Jan 22, 2016 11:26 AM EST
Scientists have discovered a potential way to detect ovarian cancer. Study found that a gene mutation carried by woman could be a possible marker for the disease.
In the newly published study, researchers discovered that a gene called BRIP1 can potentially increase a woman's chances of acquiring ovarian cancer by about 5 percent. Although it seems small, this is almost threefold higher than the 1.8 percent risks that other types of cancer poses.
The study recruited over 8,000 women and obtained their genes on DNA samples. Of these, 3,236 have acquired ovarian cancer, 3,431 do not have cancer and 2,000 do not have cancer but has a familial background of ovarian cancer.
Researchers analyzed four various genes, namely, BRIP1, BARD1, PALB2 and NBN, which have previously been linked to increase the risk for cancer. Results revealed that BRIP1 mutations have a greater risk for ovarian cancer, but the other three genes were indefinite.
Conventionally, statistics reveal that 18 in every 1000 women develop ovarian cancer in their lifetime. But the mutated BRIP1 gene's presence increases the number to 58.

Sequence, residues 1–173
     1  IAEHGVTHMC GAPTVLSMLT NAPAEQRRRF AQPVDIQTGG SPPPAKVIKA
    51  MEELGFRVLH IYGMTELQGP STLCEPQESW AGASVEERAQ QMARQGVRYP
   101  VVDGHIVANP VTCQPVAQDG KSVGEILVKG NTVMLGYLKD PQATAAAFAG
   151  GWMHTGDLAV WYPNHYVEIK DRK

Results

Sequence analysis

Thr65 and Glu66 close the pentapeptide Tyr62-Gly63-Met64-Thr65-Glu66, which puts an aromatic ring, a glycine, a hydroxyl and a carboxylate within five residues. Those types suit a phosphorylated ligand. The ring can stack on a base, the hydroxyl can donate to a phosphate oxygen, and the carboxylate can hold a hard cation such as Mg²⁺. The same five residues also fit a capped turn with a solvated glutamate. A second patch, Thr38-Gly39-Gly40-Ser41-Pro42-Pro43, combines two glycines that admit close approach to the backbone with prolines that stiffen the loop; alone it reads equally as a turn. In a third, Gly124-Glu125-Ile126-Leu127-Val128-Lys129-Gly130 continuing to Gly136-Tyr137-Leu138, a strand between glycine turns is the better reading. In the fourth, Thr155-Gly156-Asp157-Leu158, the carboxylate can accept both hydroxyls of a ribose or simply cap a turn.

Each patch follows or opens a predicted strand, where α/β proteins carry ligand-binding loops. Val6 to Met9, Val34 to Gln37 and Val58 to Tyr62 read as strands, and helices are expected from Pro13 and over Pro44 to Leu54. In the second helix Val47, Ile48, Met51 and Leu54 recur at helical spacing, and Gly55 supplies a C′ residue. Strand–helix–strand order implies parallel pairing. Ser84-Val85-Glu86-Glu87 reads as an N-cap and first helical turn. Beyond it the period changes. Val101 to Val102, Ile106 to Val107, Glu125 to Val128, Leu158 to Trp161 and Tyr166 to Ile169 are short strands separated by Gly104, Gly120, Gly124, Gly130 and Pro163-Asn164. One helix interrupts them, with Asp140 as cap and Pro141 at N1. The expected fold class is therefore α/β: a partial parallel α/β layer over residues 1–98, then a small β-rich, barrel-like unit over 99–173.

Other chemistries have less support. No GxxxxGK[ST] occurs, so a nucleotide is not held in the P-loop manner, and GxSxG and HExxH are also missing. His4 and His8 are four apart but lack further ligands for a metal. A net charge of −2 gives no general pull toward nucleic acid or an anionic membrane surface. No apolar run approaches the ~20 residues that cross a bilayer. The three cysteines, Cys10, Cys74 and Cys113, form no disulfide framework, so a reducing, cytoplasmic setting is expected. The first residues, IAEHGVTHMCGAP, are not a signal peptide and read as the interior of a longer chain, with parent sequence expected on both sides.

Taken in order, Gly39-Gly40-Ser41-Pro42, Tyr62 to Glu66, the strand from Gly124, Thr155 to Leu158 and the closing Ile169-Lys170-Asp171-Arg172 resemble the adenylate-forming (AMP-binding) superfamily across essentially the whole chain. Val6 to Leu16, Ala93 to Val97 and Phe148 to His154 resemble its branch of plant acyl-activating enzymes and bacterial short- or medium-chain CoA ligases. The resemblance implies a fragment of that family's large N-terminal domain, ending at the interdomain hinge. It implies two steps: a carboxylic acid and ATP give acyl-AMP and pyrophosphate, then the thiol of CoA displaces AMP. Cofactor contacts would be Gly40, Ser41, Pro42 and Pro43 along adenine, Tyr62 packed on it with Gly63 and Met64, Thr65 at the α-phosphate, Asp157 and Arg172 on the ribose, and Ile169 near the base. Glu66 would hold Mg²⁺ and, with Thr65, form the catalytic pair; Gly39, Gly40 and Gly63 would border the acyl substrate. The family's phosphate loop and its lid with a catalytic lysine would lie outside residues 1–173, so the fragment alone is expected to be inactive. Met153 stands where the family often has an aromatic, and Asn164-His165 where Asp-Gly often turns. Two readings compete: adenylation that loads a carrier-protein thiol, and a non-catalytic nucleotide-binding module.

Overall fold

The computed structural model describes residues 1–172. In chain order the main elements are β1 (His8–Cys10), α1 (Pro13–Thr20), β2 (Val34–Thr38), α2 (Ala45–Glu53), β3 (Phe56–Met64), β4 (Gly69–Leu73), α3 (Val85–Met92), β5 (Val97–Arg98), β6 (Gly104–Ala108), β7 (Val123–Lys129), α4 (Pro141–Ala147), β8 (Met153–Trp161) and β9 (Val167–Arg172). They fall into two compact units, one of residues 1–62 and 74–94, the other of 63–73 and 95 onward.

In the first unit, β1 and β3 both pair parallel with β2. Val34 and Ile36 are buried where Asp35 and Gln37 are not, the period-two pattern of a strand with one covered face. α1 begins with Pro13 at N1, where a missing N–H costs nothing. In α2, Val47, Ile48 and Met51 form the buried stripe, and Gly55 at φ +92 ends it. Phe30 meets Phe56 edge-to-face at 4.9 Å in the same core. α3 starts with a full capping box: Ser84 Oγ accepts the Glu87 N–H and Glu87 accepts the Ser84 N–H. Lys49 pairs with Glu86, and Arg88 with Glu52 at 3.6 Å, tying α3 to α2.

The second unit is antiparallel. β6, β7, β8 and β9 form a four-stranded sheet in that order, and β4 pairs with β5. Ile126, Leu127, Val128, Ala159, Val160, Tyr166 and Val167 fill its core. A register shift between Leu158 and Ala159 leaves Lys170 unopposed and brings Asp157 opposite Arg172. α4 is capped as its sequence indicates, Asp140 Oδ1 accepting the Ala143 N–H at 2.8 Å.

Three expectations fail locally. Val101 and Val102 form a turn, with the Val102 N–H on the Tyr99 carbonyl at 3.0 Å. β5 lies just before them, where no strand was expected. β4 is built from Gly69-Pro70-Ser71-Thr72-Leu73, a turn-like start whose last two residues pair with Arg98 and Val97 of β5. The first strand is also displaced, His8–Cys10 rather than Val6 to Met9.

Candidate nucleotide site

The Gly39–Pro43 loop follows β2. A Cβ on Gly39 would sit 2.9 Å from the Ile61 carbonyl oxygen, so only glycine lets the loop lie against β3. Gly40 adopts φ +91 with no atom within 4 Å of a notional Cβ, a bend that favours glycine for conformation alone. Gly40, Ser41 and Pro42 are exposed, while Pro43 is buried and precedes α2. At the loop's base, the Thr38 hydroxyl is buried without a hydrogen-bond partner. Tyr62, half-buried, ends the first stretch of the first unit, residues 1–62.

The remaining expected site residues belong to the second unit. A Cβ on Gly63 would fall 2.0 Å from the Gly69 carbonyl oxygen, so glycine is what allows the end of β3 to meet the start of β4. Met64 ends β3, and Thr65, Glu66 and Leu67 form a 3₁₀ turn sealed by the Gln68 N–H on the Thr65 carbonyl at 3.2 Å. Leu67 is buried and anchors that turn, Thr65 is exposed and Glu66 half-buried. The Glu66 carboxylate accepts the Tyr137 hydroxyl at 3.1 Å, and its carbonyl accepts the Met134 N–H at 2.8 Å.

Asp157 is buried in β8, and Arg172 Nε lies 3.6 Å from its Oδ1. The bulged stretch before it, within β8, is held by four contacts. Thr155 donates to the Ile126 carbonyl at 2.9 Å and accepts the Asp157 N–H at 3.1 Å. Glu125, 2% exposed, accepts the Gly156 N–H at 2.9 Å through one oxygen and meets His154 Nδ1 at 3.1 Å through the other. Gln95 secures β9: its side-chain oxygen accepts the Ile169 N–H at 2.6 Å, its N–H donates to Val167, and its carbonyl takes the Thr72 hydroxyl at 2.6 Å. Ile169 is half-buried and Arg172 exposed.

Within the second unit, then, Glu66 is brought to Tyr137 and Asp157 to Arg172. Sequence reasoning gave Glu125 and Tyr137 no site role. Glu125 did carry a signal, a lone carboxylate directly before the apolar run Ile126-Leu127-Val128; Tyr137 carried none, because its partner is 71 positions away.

Professor Paul Pharoah, cancer epidemiology professor at the Cancer Research UK Cambridge Institute, said that their current discovery is a valuable piece of the puzzle. The team hopes this will soon become a genetic test to detect women at higher risk and thereby save lives.
Ovarian cancer is usually detected at a later stage where it has already become worse; however, when detected at an earlier phase, chances of survival increases and treatment might be effective. Unfortunately, most women are asymptomatic or only manifest mild symptoms, making them less likely to visit physicians for consultations.
Based on the National Cancer Institute, ovarian cancer affects almost 3 percent of all types of cancer. In the USA and UK, ovarian cancer accounts for 13,000 and 5,000 deaths, respectively.
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